France's Climate Change Leadership in the European Union and the World:
What This Means for Biarritz
Tyler McMurdo, G7 Research Group
Feburary 3, 2019
France, under President Emmanuel Macron, has taken a significant leadership role on the world stage in promoting multilateral cooperation — especially regarding climate change. This leadership comes during a time when multilateral cooperation and global governance seem to be threatened (i.e., with the U.S. decline in leadership in the "liberal world" under the Trump administration and with Brexit and other nationalist, anti-EU movements on the rise in Europe). France recognizes that international cooperation is crucial for the fight against climate change and that a fragmented Europe or a fragmented world would not benefit this fight. With this in mind, France's pro-European stance on integration and its promotion of global cooperation in the fight against climate change on the world stage are sure to influence the nature of the G7 Biarritz Summit in August 2019.
Europe has a long history of political fragmentation. Indeed, the continent was at war for hundreds of years. Yet Europe is now a place where historical enemies have come to cooperate more deeply than any place on Earth. EU integration has played a significant role in maintaining this cooperation and has shown to benefit Europe's general prosperity. For this prosperity to continue, EU members must continue to work together to fight one of the world's most pressing security threats: climate change. Macron has taken a leading role in promoting action against climate change both at the European Union and at the international level.
When I was in Brussels in mid 2018, I met with politicians and staff from different EU institutions including the European Commission, the Council of the European Union, the European Parliament and the European External Action Service. With Brexit being a hot topic in Europe during this time and with right-wing nationalist movements on the rise in Europe, almost every politician or staff member I spoke to commented on France's leadership role in the European Union, particularly in promoting deeper EU integration and cooperation, as well as its leadership on issues such as climate change. Indeed, Macron has consistently "called for a 'profound transformation of the EU with deeper political integration'." This call for deeper political integration includes deeper cooperation regarding climate change.
Macron has been one of the most active EU leaders in promoting the fight against climate change alongside and with the EU. For example, in September 2018, France and the European Union launched a partnership with Australia and New Zealand on Pacific biodiversity, climate change and resilience. The EU pledged €10 million and France pledged an additional €10 million for this initiative.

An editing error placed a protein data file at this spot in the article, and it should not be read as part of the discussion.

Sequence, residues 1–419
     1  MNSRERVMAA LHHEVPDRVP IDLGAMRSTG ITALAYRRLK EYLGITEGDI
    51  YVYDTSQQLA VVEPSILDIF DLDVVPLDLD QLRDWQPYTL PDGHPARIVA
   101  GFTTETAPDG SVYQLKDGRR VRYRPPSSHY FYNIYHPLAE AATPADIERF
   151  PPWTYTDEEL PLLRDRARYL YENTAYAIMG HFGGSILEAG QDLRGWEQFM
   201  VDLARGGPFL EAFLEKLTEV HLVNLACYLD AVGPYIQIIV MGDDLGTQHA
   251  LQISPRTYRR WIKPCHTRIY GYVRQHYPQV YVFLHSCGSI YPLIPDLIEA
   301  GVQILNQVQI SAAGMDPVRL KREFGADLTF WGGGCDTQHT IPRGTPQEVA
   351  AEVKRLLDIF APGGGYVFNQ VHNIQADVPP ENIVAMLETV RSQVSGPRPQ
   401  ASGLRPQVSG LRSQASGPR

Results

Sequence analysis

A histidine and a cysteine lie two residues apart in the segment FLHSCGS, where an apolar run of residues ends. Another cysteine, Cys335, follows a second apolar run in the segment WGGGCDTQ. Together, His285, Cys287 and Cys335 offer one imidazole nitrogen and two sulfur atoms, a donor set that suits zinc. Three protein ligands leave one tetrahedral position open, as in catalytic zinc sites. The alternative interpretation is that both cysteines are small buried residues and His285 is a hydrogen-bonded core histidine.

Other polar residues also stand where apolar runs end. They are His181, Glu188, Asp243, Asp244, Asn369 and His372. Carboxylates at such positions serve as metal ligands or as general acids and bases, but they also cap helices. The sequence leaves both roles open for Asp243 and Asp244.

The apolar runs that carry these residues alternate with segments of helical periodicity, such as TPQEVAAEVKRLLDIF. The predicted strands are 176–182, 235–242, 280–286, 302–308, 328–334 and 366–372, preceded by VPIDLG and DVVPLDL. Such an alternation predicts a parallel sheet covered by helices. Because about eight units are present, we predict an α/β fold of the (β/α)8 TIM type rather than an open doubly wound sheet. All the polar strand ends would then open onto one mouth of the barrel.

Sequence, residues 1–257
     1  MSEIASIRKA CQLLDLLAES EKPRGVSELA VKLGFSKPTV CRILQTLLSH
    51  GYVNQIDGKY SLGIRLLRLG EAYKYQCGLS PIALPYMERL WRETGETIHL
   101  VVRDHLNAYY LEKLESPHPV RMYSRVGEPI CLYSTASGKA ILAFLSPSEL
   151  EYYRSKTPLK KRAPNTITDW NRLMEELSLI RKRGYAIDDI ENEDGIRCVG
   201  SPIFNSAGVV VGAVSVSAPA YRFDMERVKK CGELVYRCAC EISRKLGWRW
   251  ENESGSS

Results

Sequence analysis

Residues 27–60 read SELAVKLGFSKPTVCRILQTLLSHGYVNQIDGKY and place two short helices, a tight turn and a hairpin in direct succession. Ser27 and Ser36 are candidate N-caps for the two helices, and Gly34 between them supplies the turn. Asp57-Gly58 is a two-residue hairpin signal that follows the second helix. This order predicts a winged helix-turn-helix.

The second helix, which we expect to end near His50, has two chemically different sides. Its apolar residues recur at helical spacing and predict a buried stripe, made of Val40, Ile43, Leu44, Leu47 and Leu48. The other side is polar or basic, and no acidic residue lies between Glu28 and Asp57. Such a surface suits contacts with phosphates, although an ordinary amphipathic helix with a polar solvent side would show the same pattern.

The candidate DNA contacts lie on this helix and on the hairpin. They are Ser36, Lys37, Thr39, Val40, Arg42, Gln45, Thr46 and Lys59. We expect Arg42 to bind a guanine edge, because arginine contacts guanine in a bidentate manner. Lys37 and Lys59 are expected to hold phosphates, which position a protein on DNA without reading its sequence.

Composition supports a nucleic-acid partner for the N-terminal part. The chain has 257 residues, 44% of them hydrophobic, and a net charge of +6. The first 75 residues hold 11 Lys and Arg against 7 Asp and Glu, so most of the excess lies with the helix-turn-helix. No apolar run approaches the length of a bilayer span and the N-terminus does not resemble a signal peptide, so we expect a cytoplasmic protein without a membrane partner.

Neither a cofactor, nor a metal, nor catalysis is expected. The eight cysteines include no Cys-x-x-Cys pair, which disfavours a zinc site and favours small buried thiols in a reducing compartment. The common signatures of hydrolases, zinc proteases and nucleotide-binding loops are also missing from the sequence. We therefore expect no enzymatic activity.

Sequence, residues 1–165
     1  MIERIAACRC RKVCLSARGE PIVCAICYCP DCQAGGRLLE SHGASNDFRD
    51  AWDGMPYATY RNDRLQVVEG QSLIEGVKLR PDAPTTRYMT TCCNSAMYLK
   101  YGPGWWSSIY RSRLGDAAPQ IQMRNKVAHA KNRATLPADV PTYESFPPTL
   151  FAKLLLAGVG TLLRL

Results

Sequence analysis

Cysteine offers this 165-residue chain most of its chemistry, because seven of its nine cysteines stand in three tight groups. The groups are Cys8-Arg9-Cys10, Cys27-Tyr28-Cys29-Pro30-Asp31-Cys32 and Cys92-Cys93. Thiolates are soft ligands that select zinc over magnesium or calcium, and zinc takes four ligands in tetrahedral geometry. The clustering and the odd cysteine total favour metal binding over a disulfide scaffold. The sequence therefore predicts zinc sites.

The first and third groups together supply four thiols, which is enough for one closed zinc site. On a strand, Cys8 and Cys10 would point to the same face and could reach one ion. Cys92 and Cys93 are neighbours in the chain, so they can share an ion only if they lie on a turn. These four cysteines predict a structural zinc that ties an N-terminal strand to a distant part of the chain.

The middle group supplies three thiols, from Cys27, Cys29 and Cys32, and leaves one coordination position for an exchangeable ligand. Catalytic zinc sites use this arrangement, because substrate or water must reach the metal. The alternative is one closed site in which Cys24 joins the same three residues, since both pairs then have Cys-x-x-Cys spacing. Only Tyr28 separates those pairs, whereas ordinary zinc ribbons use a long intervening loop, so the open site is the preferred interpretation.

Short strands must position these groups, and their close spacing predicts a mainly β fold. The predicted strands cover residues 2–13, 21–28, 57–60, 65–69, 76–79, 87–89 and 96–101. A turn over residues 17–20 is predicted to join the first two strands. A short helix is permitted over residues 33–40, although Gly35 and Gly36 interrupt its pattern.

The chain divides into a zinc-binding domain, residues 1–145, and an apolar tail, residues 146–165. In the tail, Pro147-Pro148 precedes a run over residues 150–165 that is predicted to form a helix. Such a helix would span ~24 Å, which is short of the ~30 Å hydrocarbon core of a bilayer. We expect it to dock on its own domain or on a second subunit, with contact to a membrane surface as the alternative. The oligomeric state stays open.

The U.S. withdrawal from the Paris Agreement has provided even more impetus to Macron's climate change leadership. At the EU level, Macron, in partnership with other EU leaders (including European G7 leaders), responded to this action by firmly stating that the Paris Agreement "cannot be renegotiated" under any circumstances.
At the global level, Macron initiated the annual One Planet Summit in 2017 to "accelerate the implementation of the Paris Agreement" and called for "countries to massively increase funding for climate change." At the 2018 One Planet Summit Macron stated, "We are not here just to speak, but to be accountable" regarding the fight against climate change.
The G7 is facing similar problems to international cooperation with serious consequences on the multilateral fight against climate change. Trump, the leader of the G7's most powerful member, has openly disregarded global governance regimes, such as in the United Nations, called for the United States to distance itself from NATO, and withdrew from the Paris Agreement, thus not participating in certain G7 commitments related to climate change.
Trump's actions jeopardize G7 cooperation and unity on climate change. Despite this obstacle to G7 cooperation on climate change, Macron chose climate change and biodiversity as one of the priorities of France's G7 presidency.
It can be expected that Macron will use his climate change leadership at the European Union as an asset at the Biarritz Summit. In fact, one of France's announced G7 presidency priorities was "Europe," which encompasses the European Union and cooperation. Furthermore, French foreign affairs minister Jean-Yves Le Drian stated that France "must also show that [Europe will] provide coherent responses to these various challenges … [and France will] promote the strengthening of, and closer coordination between, those powers that believe we must face up together to mankind's major shared challenges."
With France's demonstrated diplomatic leadership, it is likely that the Biarritz Summit will be a opportunity to encourage fuller EU cooperation and broader international cooperation to fight climate change.
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Tyler McMurdo is a lead analyst for the G7 Research Group and was a compliance analyst for the G20 Research Group. Studying at the University of Western Ontario, she is pursuing an honours specialization in political science and a major in globalization and global governance with a focus on East Asia. Tyler holds basic Japanese language proficiency and continues to study Japanese. She is also an experienced lobbyist and advocate for human rights and refugees, and is associate director of policy and research at HanVoice, Canada's largest non-governmental organization on North Korean human rights.
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